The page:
Despite females only making up 4% of all UK developers, 19% have less than a year’s experience compared with 3.4% of men, which reveals signs of growth in the sector for women, according to a report by Stack Overflow Careers.
More than 26,000 developers from 157 countries were questioned for the study.
The research found women are less concerned about salary than their male counterparts, but place greater emphasis on work/life balance and job title.
Furthermore, UK female developers were less likely to be self-taught and more likely to have participated in an online course or intensive coding training.
UK developers highly paid compared to rest of Europe
The study also revealed that UK developers are paid an average of £45,000, higher than any other country in Europe.
However, the figure was found to be significantly lower than developers in the US who earn an average of $89,631. The dollar equivalent of the UK pay is $68,680.
Overall, 1.5% classed themselves as unemployed. This figure was higher among UK respondents, at 5.5%.
Read more about women in IT
Over a third (38%) of UK developers said they had changed jobs in the past 12 months. Over half (52.9%) said they would consider leaving their current role if something more interesting came along.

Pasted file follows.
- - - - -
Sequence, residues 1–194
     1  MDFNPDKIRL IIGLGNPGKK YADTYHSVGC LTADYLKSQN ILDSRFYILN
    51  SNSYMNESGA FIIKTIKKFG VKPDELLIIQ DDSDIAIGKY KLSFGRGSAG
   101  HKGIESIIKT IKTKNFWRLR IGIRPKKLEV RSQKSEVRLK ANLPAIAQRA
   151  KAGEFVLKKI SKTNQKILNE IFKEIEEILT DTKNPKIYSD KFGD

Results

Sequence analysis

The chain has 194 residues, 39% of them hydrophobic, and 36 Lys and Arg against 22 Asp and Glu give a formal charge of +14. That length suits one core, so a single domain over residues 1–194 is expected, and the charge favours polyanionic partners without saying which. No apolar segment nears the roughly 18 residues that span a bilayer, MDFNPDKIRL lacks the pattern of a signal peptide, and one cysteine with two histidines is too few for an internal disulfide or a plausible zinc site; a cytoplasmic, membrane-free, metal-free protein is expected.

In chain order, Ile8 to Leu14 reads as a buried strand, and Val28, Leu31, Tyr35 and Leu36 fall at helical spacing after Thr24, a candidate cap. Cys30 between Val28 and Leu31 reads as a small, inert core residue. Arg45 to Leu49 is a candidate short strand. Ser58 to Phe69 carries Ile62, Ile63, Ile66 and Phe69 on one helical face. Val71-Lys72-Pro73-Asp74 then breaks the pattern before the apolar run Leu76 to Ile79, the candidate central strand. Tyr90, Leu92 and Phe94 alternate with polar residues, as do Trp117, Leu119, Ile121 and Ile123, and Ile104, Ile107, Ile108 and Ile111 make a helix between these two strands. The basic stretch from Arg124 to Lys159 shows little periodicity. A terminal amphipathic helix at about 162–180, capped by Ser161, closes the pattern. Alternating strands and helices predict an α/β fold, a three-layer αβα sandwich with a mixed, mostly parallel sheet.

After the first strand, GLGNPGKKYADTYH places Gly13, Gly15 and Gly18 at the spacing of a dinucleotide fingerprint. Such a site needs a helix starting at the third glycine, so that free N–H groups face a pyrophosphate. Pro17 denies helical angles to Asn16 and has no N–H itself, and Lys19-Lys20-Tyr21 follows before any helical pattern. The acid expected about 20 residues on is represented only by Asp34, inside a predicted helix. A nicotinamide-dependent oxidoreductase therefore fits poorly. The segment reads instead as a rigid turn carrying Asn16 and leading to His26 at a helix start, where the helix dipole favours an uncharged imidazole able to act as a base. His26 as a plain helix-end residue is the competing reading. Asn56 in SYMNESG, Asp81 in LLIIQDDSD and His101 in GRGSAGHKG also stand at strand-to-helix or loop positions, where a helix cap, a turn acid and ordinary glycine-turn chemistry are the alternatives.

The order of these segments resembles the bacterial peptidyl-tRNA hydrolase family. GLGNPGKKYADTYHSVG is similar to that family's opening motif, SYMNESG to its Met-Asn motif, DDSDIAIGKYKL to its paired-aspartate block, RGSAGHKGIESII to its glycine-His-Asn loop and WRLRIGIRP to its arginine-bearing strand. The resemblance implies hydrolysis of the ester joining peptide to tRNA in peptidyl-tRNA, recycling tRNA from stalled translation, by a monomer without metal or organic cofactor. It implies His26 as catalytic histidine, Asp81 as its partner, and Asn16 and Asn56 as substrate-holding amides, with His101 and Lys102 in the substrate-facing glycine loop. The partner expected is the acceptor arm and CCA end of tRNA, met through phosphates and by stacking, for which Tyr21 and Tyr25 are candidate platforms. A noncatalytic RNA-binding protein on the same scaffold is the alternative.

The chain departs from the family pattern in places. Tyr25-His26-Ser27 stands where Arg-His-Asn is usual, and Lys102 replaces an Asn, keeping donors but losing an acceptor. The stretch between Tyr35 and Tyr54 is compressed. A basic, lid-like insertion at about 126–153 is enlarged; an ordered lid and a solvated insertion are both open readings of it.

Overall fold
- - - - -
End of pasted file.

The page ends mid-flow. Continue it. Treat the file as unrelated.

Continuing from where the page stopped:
The survey showed 44% of UK developers value the opportunity to work remotely and want to be contacted less by recruiters, which was the highest percentage across all the countries questioned.
“The UK remains a hotbed for developers and the boom in London is sucking up all the available coding talent,” said Joel Spolsky, CEO and co-founder of Stack Exchange, the parent company to Stack Overflow Careers.
“The market for developers is incredibly tight, which in turn drives wage inflation and poses a huge challenge for the tech community as it strives to build on its global potential,” he said.
The report also found a call for more employers to include developers in the recruitment process to ensure the right candidate is hired, with 50.7% in the UK saying companies should introduce candidates to the team.
Worldwide, 37% of developers want to be shown the exact space where they’ll work, according to the study. This figure rose to 42.8% among UK respondents.